Book Reviews of Constantine's Sword: The Church and the Jews -- A History

Constantine's Sword: The Church and the Jews -- A History
Constantine's Sword The Church and the Jews -- A History
Author: James Carroll
ISBN-13: 9780618219087
ISBN-10: 0618219080
Publication Date: 4/1/2001
Pages: 768
Rating:
  • Currently 3.4/5 Stars.
 12

3.4 stars, based on 12 ratings
Publisher: Mariner Books
Book Type: Paperback
Reviews: Amazon | Write a Review

4 Book Reviews submitted by our Members...sorted by voted most helpful

reviewed Constantine's Sword: The Church and the Jews -- A History on + 26 more book reviews
Helpful Score: 1
Against the background of a Christian presence at Auchwitz, Carroll traces a complex relationship between Christians, Jews and Antisemitism in 2000 years of Christian history. A personalized and idiosyncratic history rather than a diadactic one.
reviewed Constantine's Sword: The Church and the Jews -- A History on + 73 more book reviews
It was not an easy read, but 100% definitely enlightening... WHEW!!!
reviewed Constantine's Sword: The Church and the Jews -- A History on + 74 more book reviews
If you can overlook the over sharing of personal information, then this is quite an interesting review of the ways in which the Catholic Church has fostered, used, and ignored antisemitism to further its own goals. Unfortunately, the personal details frequently fail to illuminate the history and sometimes distract from it.

There was some good historical information (the Jewish identity of the early Christian church was particularly interesting, I though, and the philosophical and doctrinal attitude toward Jews through the Church's history is a factor that is often overlooked when discussing antisemitism) and speculation on the way things could have turned out differently if different philosophers and theologians had held sway.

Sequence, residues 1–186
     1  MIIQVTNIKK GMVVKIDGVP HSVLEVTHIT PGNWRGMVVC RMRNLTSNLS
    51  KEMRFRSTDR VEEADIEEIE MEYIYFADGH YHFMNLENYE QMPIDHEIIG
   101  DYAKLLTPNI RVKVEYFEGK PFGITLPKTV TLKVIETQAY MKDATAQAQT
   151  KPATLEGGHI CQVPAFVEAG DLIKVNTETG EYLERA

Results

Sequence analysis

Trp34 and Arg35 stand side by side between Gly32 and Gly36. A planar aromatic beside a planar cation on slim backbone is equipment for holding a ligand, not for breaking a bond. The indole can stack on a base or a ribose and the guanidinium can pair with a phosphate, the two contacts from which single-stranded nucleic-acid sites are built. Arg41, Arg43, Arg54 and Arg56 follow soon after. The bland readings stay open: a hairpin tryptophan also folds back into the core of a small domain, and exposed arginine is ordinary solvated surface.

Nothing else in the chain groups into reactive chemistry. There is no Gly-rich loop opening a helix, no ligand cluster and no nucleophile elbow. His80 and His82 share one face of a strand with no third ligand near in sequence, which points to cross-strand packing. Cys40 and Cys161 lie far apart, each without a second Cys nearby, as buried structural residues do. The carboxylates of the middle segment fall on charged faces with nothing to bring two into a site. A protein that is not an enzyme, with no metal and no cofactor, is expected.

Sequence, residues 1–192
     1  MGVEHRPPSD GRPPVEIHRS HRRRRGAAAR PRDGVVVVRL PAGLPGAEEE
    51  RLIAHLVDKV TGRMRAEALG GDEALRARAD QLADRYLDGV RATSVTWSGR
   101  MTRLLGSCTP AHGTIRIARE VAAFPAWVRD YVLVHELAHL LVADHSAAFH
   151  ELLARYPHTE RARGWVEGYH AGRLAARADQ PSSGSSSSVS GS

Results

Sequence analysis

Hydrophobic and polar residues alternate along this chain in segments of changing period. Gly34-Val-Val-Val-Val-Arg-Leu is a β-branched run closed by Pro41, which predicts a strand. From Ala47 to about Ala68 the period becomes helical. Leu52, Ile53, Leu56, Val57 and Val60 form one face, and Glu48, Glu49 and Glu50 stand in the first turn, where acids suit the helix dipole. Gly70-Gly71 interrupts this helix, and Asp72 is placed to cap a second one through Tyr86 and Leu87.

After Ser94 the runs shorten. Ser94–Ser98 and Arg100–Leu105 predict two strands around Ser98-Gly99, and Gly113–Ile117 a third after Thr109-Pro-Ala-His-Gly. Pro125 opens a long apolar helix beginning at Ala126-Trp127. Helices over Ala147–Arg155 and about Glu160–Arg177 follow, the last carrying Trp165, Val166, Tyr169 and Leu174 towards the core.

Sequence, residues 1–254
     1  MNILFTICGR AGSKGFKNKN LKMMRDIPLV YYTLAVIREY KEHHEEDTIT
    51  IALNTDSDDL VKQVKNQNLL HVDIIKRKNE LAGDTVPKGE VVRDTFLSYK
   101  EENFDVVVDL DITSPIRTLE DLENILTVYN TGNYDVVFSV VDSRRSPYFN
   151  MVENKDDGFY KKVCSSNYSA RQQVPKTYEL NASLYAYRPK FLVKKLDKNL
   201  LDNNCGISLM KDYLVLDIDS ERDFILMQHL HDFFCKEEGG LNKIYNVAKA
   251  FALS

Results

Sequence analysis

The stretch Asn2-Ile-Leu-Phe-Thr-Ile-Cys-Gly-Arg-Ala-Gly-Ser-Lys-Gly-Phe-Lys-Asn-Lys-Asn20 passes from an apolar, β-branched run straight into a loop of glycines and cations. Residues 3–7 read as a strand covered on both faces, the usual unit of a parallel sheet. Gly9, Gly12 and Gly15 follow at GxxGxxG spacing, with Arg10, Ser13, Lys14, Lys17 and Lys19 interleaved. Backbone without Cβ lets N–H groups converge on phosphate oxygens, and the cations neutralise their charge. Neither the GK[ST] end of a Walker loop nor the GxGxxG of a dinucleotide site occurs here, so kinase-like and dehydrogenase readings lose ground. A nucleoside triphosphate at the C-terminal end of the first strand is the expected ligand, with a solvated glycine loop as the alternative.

But there was also a lot of information about the author's life that I really wasn't interested in. I suppose he wanted to personalize the story, but he seemed to constantly bring in personal anecdotes that were sometimes relevant but often were totally unrelated to what was being discussed. The worst example came in his discussion of the First Crusade and the destruction of the Jewish community in Mainz, when he parenthetically mentioned that one location was the first place he had a legal drink of alcohol. I have no clue why he felt that should be mentioned.

His suggestions for the way forward for the Church were, I thought, very interesting. It seems highly unlikely that any of them will be taken, given the path the Catholic Church appears to be on; but it is interesting to see options being discussed.

This is a long, slow reading book; 616 pages of text, and the book is physically very heavy. A qualified recommendation, mostly to those who are restless with the current direction of the Catholic Church who would like to consider alternatives.
reviewed Constantine's Sword: The Church and the Jews -- A History on + 65 more book reviews
Could not plow through this book.